Here is the tangy sweet spiced up Hill Lemon or Khatta Pickle recipe :

Ingredients :

1 big hill lemon ( this one was about 250 gm)

4 teaspoon salt

1/2 teaspoon black salt (kala namak)

1 cup sugar

1/4 cup shakkar or jaggery powder (optional)

1/2 teaspoon fenugreek  seeds

1/2 teaspoon mustard seeds

5-6 cloves

1″ cinnamon stick

8-10 black peppercorns

2 black cardamoms ( just the seeds)

1/2 teaspoon ajwain seeds (carom seeds or bishop’s weed)

1 teaspoon Turmeric powder

3 teaspoon red chili powder

1/4 teaspoon asafoetida

( you can adjust the salt, sugar, spices etc according to your taste. Also, the use of jaggery is optional. Jaggery ferments quicker so I use it only for a small quantity pickle. For others I prefer sugar.)

Method :

Wash and wipe the Hill Lemon with a kitchen towel.  Always prefer lemons which have no skin bruises.

Cut the lemon in small pieces and place them in a microwave proof bowl. Close the lid and microwave them for 3-6 minutes. You need to stop and check the softness of the skin in between. Alternately, you can place the whole lemon in a steaming basket and pressure cook it till three whistles. Do not overdo it or the lemon will become a pulp and also turn bitter. If using usual thin skin small lemons (kagazi neebu) reduce the time to one minute or two depending on the quality of the fruit.

Once the skin is soft to touch and breaks easily, let the lemon cool completely.

When the lemon pieces are cool, transfer them to a wide glass bowl and add, salt, chili powder, black salt, turmeric powder, asafoetida, sugar and jaggery powder (some people make a syrup and add that but I just put the shakkar as it is and give it a good mix).

Give this a good mix using clean and dry spoon.

Now pound cloves, cinnamon stick, black pepper corns, seeds of black cardamom and ajwain seeds coarsely in a mortar and pestle. You can grind them to powder too.  Dry toast the mix with fenugreek and mustard seeds on low heat. Keep in mind to just slightly warm the spices or the mix will become bitter.

Add this spice mix to the lemon mixture and give it a stir. You can coarsely ground the fenugreek and mustard seeds too or use them whole like I did.

At this point you can either add two tablespoon of olive oil or smoked and cooled mustard oil or just omit the oil. The pickle won’t go bad if there is enough juice to submerge the pieces.

Once all the ingredients are mixed, taste the pickle to add anything to suit your taste. The sugar and salt will make the lemons sweat and release the juice. That’s a good sign and will make the pickle taste better and help in preservation too. As the days pass the pickle will thicken a bit.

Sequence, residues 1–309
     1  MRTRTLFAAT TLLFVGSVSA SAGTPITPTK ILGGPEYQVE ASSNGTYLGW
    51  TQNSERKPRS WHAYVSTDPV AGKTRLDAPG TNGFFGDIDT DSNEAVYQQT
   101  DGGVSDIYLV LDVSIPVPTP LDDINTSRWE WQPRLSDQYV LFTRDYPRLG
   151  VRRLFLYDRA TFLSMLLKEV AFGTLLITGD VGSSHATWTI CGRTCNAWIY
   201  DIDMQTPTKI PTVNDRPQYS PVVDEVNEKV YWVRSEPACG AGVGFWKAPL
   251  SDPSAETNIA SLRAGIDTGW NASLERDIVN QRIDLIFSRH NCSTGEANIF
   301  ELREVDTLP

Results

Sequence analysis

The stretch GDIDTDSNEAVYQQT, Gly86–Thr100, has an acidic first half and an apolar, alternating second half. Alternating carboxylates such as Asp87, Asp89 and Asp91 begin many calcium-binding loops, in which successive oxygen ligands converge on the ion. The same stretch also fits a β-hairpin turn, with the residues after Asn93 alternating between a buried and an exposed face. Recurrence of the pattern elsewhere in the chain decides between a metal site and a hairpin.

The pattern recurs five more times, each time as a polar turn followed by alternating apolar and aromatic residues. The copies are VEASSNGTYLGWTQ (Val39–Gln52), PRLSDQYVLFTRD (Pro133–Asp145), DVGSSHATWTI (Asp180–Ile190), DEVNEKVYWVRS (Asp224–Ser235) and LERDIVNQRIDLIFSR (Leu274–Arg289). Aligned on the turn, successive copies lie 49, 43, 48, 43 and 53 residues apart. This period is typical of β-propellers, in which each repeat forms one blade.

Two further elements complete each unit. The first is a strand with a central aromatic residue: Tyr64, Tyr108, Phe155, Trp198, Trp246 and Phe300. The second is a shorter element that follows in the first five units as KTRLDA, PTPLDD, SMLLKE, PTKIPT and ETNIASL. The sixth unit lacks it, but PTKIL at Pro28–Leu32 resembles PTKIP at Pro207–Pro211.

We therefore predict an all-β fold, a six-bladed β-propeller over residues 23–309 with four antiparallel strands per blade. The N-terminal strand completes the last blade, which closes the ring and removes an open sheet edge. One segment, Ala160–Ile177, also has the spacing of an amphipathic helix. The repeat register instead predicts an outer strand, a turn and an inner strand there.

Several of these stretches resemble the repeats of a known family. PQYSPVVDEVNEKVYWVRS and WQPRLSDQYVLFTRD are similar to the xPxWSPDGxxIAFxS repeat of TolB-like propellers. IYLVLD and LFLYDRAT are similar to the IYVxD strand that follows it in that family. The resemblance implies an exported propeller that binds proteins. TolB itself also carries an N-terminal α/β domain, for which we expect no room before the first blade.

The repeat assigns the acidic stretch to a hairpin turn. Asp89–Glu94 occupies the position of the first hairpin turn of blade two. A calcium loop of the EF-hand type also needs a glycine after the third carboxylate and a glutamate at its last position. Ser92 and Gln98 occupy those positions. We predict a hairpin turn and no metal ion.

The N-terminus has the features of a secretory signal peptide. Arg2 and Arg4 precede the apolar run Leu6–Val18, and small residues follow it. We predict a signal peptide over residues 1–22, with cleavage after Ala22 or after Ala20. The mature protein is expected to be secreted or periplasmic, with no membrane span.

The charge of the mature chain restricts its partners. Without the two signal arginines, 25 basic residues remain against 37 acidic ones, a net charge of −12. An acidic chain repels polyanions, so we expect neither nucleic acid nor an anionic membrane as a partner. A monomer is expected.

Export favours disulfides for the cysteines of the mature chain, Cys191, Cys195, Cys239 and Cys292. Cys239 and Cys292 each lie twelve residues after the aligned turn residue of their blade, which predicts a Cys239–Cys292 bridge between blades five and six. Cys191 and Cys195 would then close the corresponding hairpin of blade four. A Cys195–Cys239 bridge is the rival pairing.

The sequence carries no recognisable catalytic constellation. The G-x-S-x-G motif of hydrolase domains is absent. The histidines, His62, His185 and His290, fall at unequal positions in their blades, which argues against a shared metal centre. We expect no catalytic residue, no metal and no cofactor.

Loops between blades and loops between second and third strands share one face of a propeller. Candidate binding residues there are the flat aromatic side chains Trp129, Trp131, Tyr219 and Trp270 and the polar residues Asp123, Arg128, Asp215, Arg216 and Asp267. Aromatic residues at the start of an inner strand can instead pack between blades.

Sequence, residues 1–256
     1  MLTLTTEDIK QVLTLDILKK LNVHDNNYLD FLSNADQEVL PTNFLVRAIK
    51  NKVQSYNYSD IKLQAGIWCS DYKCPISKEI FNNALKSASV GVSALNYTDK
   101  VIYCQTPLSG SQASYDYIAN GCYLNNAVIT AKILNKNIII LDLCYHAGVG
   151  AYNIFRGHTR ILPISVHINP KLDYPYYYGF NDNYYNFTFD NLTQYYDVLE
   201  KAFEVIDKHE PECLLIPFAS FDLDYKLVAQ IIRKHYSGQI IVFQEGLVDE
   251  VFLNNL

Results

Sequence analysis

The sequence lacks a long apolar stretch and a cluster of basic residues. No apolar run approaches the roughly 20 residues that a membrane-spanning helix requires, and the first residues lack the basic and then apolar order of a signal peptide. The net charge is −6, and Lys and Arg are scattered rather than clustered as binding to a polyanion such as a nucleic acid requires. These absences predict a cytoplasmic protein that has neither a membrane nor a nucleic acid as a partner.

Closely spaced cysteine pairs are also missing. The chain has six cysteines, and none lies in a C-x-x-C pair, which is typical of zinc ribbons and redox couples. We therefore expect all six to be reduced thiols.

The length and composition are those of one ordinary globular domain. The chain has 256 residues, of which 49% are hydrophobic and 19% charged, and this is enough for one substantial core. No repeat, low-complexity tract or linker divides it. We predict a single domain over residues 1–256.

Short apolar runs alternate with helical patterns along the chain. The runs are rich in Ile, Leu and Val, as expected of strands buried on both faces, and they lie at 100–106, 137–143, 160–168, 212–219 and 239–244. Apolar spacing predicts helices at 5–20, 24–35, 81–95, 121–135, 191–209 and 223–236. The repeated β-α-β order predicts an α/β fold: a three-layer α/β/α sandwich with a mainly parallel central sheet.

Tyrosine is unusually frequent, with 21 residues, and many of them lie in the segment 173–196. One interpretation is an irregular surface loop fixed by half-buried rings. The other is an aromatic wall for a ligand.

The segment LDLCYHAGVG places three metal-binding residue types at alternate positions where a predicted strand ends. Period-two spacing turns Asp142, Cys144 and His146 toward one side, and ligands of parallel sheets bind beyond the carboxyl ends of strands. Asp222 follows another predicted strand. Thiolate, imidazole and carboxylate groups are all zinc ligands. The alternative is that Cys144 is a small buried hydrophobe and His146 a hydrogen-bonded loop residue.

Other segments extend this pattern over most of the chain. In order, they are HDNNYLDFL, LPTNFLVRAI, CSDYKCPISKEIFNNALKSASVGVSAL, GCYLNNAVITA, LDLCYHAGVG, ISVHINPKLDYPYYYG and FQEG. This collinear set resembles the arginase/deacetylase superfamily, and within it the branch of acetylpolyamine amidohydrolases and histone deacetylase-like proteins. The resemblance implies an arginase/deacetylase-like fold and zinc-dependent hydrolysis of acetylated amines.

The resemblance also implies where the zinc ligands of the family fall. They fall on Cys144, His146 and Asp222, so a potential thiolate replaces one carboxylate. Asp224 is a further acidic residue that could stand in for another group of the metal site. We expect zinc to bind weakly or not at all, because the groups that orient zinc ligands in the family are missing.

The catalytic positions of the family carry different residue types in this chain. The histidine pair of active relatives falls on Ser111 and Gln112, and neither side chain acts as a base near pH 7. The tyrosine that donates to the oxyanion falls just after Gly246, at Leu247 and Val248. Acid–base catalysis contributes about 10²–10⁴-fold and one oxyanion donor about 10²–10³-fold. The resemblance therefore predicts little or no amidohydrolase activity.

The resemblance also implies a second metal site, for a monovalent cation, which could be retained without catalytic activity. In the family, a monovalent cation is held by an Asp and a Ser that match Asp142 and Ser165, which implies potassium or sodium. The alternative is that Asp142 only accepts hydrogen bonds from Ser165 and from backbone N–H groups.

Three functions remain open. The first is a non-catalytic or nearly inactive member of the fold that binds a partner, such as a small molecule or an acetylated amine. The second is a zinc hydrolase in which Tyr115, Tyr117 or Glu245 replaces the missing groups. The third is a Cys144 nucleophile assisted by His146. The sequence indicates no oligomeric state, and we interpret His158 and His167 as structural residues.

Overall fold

Spoon the tangy sweet spiced up lemon pickle in a clean dry airtight jar, close the lid properly. Your instant Hill lemon pickle is ready to eat. You can keep the jar in dry summer sun for a few days to mature but it is optional.

You can add slit / diced green chili and/or ginger julienne to this pickle. Though I don’t like green chili in a sweet sour pickle. Ginger tastes great.

If kept in the fridge, the pickle stays up to three months.

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Relish this lipsmackingly delicious pickle with curd rice, hot parathas, roti or just about anything.

 

Instant Carrot Pickle – Recipe


Winters are here and the market is flooded with red sweet carrots. One can do so much with them- toss in salads, pickle them, make kanji, carrot preserve or mouth watering gajar halwa, mix with potato, fresh green peas or any seasonal vegetable to make a healthy veggie, blend in soups or just wash, peel and munch on them. Full of healthy nutrients carrots are everyone’s favorites. They are packed with Vitamin A,  Vitamins C & B6, copper, folic acid, thiamine and magnesium.

This instant pickle can be had within a day of making it. One can add a few slit fresh green chilies to it if desired. It would give the pickle a beautiful red and green texture.

Usually this pickle can stay up to a week in the fridge. I make small quantity of fresh pickle as the carrots are cheap and easily available all through winter months.

So, let us embark on this tangy spicy carroty journey 😀

Ingredients :

1/2 kg Medium Size Carrots

1 1/2 teaspoon salt ( to taste)

2 teaspoon full coarsely ground mustard seeds

1 teaspoon Red Chili Powder

1/2 teaspoon turmeric powder

1/8 teaspoon asafitida

2 table-spoon lemon juice

2 table-spoon Mustard

Method:

Wash and peel the carrots under fresh running water. Pat dry them and cut into 2 inch long thin julienne.  Place a kitchen napkin or kitchen towel on a tray and arrange the carrot julienne on it to dry. Make sure that not a single drop of water remains or the pickle will go bad. I sometimes pat them with damp cloth to clean instead of washing.

You can leave it over night or for instant pickle just keep in sun for two hours or so. Cover it with thin muslin cloth to prevent any dust particles settling on the carrots.

 

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Once the carrots are absolutely dry put them in a glass bowl. Add all the ingredients one by one except the oil. Squeeze the juice of half a lemon and mix well.

Mix properly. (At each stage make sure your hands and the utensils you use are clean and dry.)

Heat mustard oil in a heavy bottom pan till it begins to smoke. Turn off the flame and let it come to a warm temperature.

(if you are using Olive Oil then there is no need to heat it. Just add it along with other ingredients in the bowl and mix well).

Add all the ingredients to it and stir well.

 

Let the pickle cool properly.

Take a glass or stone jar. Wipe it clean and spoon the pickle in it.

 

Keep the pickle in the sun for a day and it is ready to eat.

This mustard spiked carrot pickle goes well with anything from curd rice to parathas and even sandwiches or almost anything. You can make it fresh and toss it in the salad too but use only olive oil dressing for it then.

Preserve the colors of winter in the jar and open the lid to brighten any dull morning.